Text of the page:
Today, the sexual health charity FPA, the British Pregnancy Advisory Service (bpas), the Abortion Support Network (ASN), Birthrights and Antenatal Results and Choices (ARC) wrote to the Director General of the Public Relations and Communications Association, Francis Ingham, to express their disappointment at the decision to award Both Lives Matter a “best campaign” award at their Public Affairs ceremony on Thursday for the group’s work campaigning to maintain Northern Ireland’s virtual ban on abortion.
We wrote to explain the consequences that this ban has on the women we provide care, advice and support to every day, and in support of our colleagues at Alliance For Choice and the London Irish Abortion Rights Campaign, who had asked Mr Ingham to reconsider the decision to honour a group which seeks to deny women and girls access to basic reproductive healthcare.
FPA, bpas, ASN, Birthrights and ARC are all interveners in a case currently before the Supreme Court on whether Northern Ireland’s abortion laws breach human rights.
The text of the letter is below.
Dear Mr Ingham,
We write to you as providers of services and support to women from Northern Ireland to express our profound disappointment at your decision to award the honour of "best campaign in Northern Ireland" to Both Lives Matter, an organisation which campaigns in favour of the continued denial of women's reproductive healthcare in Northern Ireland. You have, of course, every right to award any honour to whomsoever you please, but we feel it is important that you and your colleagues are fully apprised of exactly what you are celebrating.
We agree wholeheartedly with the points made in the joint letter London Irish Abortion Rights Campaign and Alliance for Choice sent to you on 8th December, which highlighted that Both Lives Matter seeks to entrench discrimination against women and girls through denying access to abortion care, and disseminates misleading information about reproductive health. We understand you have not responded personally to the letter, but via a press release in which you described the work of Both Lives Matters as merely “controversial” and that awards are handed out on the basis of the “quality of the work delivered”.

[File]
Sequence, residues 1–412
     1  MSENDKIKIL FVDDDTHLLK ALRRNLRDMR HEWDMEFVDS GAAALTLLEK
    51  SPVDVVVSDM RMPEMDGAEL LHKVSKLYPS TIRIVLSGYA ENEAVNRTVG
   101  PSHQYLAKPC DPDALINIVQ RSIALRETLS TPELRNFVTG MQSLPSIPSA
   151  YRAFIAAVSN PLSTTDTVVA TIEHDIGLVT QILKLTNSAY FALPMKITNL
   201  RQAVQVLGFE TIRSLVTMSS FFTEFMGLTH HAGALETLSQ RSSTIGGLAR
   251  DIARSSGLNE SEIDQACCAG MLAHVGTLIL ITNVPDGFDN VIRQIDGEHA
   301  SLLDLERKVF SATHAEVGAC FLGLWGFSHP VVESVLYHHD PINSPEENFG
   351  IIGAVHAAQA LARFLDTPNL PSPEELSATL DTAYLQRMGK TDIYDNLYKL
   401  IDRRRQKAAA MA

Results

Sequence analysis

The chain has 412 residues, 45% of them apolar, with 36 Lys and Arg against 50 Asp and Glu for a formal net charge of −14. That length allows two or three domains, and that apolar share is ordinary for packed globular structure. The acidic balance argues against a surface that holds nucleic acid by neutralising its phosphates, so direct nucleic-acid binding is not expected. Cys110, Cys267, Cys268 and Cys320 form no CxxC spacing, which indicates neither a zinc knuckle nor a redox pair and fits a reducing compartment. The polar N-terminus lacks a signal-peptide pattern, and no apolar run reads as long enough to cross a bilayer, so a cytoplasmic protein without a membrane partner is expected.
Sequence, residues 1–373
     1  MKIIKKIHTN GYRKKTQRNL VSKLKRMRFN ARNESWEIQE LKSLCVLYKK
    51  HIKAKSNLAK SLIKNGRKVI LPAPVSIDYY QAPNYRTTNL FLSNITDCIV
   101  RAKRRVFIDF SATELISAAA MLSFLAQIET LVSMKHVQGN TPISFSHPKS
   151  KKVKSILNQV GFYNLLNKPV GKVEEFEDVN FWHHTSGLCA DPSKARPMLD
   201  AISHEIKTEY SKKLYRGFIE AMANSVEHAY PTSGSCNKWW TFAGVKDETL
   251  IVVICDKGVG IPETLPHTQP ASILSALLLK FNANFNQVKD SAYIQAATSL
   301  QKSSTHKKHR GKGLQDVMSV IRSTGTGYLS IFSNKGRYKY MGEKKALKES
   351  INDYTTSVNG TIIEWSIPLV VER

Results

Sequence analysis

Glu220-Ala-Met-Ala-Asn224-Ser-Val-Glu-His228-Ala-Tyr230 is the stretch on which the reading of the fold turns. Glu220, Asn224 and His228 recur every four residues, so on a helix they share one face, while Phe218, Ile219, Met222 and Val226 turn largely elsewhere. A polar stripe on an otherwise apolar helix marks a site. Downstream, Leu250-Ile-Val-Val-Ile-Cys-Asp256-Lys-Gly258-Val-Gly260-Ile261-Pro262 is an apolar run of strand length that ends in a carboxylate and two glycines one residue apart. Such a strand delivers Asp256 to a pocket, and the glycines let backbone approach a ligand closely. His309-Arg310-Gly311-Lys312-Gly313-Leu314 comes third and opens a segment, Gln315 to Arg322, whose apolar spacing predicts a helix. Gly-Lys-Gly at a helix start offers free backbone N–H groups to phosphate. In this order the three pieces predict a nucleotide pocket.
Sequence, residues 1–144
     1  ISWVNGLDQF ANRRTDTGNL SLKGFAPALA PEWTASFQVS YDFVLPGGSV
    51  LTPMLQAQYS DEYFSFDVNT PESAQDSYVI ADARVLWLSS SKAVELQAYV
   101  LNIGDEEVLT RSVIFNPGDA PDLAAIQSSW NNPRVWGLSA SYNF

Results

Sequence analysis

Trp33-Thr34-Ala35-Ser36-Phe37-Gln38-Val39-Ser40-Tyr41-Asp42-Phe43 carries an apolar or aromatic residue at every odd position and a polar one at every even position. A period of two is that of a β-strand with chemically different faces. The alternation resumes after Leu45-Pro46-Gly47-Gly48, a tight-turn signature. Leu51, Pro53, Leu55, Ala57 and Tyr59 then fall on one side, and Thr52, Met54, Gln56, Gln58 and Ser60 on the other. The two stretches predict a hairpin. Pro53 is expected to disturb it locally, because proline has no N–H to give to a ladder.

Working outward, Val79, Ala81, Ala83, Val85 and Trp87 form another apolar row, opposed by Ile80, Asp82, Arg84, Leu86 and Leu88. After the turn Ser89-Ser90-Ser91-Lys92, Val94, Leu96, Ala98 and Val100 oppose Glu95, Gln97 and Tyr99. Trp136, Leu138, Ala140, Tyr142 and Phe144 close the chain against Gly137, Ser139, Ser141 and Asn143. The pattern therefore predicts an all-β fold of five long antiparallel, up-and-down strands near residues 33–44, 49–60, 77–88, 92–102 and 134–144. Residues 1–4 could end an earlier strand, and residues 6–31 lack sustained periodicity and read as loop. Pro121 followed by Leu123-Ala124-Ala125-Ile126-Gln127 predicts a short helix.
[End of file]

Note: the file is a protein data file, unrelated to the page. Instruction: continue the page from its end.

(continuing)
As organisations which witness the consequences of refusing women from Northern Ireland access to abortion, we wanted to alert you to the situation in Northern Ireland that Both Lives Matter’s “work” seeks to maintain. Every day, women from Northern Ireland faced with a pregnancy they cannot continue must find the funds to make the journey to Britain - often alone and in strict secrecy - or order abortion pills illegally online. They will be women in a myriad of situations, but will include victims of domestic violence, sexual assault, very young women and women who have been given the devastating news that something is seriously wrong with a much wanted pregnancy. Thanks to the phenomenal campaigning work of groups such as the London Irish Abortion Rights Campaign and Alliance for Choice this year, these women can now have their treatment paid for in Britain, but for some the burden of travel will remain too great.
Women who are caught using pills bought online risk prosecution and punishment under laws passed in 1861, which stipulate that any woman who ends a pregnancy can be sentenced to life in prison. The use of abortifacient medication is safe, peer-reviewed, and medically approved. Mifepristone and misoprostol are recommended by the World Health Organisation as a “safe option for women” and online pills when sourced from reputable providers such as Women on Web are both reliable and safe. However, the criminal prohibition on abortion can deter women from seeking in-person medical support if they need it after taking this medication. You may not be aware that since last year, three people have been through the courts, and one case against a mother of a teenage daughter is still ongoing.
From October 24th to October 26th, all of our organisations intervened in a Supreme Court case, in which we provided evidence that Northern Ireland’s existing restrictive abortion contravenes Articles 3, 8 and 14 on the European Convention on Human Rights as it does not allow abortion in cases of rape, incest, or when a serious foetal abnormality has been diagnosed. A verdict is currently pending.
It is also the case that, through concluding observations, general recommendations and case law, multiple UN Treaty Monitoring Bodies have criticised State Parties, including the UK, when governments do not ensure access to lawful abortion. These findings and recommendations have been based upon the human rights to life, health, private and family life and non-discrimination, and the freedom from cruel, inhuman and degrading treatment.
This clearly demonstrates that ‘Both Lives Matter’ cannot be dismissed as merely ‘controversial’. By recognising this campaign in a Public Affairs Award, the Public Relations and Communications Association is providing an endorsement for the denial of healthcare and human rights.
bpas was delighted to have been shortlisted for our campaign to reduce the inflated price of emergency contraception, but under the circumstances no longer wants recognition from an organisation which is also happy to celebrate the systematic suppression of the rights of women and girls to basic healthcare. Please accept this letter as notice of the withdrawal of our entry.
Clare Murphy, Director of External Affairs, bpas
Ruairi Rowan, Senior Advocacy Officer in Northern Ireland, and Laura Russell, Policy and Public Affairs Manager, FPA
Jane Fisher, Antenatal Results and Choices
Mara Clarke, founder and director, Abortion Support Network
Rebecca Schiller, chief executive, Birthrights